Corinna del Greco Lobner
New Academia Publishing, 2008
152 Pages
ISBN 978-0-9800814-5-9 Paperback

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About the Author

While teaching Sicilian literature at the University of Tulsa, Oklahoma, Corinna del Greco Lobner, a native Italian from Florence, became intrigued by the way sentire Mafioso, Mafioso feeling, surfaced in the plots of some of Sicily’s greatest writers. She obtained a sabbatical from the university and went to Sicily to explore firsthand a possible connection between sentire Mafioso and Sicilian writers. She engaged in conversations with Mafioso who became sympathetic to her quest and shared their insights during meetings at a Palermitan bar.

About the book

This book shows the Mafia not merely as a criminal association, but as a way of thinking and feeling known as sentire mafioso. Authors considered are some of the best known Sicilian-Italian authors such as Luigi Pirandello, Giovanni Verga, Federico De Roberto, and Leonardo Sciascia; Sicilian myths and fairy tales are also considered along with a chapter exclusively dedicated to Sicilian history—the missing link in too many books on the subject.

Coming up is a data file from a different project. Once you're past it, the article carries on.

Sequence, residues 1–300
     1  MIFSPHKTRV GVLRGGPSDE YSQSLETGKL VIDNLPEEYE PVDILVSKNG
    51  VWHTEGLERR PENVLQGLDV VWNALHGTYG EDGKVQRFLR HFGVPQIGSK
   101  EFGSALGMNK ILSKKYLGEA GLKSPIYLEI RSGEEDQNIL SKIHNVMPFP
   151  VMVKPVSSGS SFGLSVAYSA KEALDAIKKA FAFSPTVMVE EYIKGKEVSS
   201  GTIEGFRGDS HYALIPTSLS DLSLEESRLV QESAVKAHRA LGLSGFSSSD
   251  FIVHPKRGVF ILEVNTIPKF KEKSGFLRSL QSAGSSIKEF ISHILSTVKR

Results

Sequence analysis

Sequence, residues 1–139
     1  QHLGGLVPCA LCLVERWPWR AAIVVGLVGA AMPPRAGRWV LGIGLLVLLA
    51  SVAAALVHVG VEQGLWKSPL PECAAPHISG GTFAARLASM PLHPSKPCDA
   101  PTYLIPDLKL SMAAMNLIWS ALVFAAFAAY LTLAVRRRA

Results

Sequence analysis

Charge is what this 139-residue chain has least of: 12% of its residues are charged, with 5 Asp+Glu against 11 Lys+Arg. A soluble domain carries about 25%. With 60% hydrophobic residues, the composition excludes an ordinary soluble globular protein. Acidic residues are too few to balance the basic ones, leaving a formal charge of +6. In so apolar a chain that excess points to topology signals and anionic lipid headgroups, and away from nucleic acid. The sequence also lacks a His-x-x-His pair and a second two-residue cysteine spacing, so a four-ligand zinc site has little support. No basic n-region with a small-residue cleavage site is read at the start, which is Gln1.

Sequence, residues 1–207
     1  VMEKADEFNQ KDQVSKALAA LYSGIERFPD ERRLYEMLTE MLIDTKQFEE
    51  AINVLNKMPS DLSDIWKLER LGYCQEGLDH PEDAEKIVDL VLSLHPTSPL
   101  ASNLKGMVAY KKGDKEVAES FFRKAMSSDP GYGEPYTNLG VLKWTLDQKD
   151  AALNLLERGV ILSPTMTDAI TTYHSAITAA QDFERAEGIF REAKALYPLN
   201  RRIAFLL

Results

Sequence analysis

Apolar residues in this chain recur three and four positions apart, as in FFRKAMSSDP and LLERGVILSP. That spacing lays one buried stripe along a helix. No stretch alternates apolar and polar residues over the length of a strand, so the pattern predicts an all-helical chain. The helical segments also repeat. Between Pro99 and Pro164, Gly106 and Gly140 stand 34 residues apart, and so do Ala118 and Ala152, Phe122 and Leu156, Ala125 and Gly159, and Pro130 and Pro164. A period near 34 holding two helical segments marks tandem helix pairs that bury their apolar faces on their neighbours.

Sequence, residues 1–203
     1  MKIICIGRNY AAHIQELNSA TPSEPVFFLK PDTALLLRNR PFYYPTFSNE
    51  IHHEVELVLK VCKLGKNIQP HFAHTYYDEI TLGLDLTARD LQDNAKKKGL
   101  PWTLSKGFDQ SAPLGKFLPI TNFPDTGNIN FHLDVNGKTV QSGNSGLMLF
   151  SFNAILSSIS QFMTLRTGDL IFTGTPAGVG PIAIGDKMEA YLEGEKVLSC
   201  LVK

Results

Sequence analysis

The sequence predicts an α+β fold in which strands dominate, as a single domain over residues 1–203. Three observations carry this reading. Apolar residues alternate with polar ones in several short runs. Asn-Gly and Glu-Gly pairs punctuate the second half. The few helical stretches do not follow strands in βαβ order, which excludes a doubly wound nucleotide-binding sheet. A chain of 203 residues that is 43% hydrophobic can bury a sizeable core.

“This book both illuminates Italian literary traditions and places the Mafia in the context of Italian literature and culture. Readers will see mainstream authors like Lampedusa and Pirandello in a very different light. The book will be of interest not only to students of Italian literature but also to general readers interested in the Mafia and the history of Sicily and of Italian immigrants to America. Much new material never before available to readers of English is now available thanks to Lobner’s fascinating book.”
—Tom Benediktson, Dean of Arts and Letters, University of Tulsa.

“This work has much to offer anyone interested in Sicilian literature and its prominent authors: Sciascia, Lampedusa, Pirandello, Mosca, Fava, and others. Seen as proponents of a uniquely Sicilian literature, the study of these authors and their works also sheds light on Sicily’s history—in particular, on the mafia as a peculiar, significant, and revealing aspect of Sicilian culture.”
—Victor Udwin, Professor of German and Comparative Literature, University of Tulsa.

“This is a fascinating compendium of Mafia lore used to explicate Mafia fiction by an author deeply grounded in historical and modern Italian literature.”
—Carol Kealiher, Associate Director of Academic Publications, University of Tulsa.

“Corinna Lobner is a wonderful scholar with wide interests in European culture. This book—like her previous study of James Joyce—is deeply informed and full of fresh insight, a lively introduction to an endlessly intriguing topic.”
—Brian Murray, Loyola College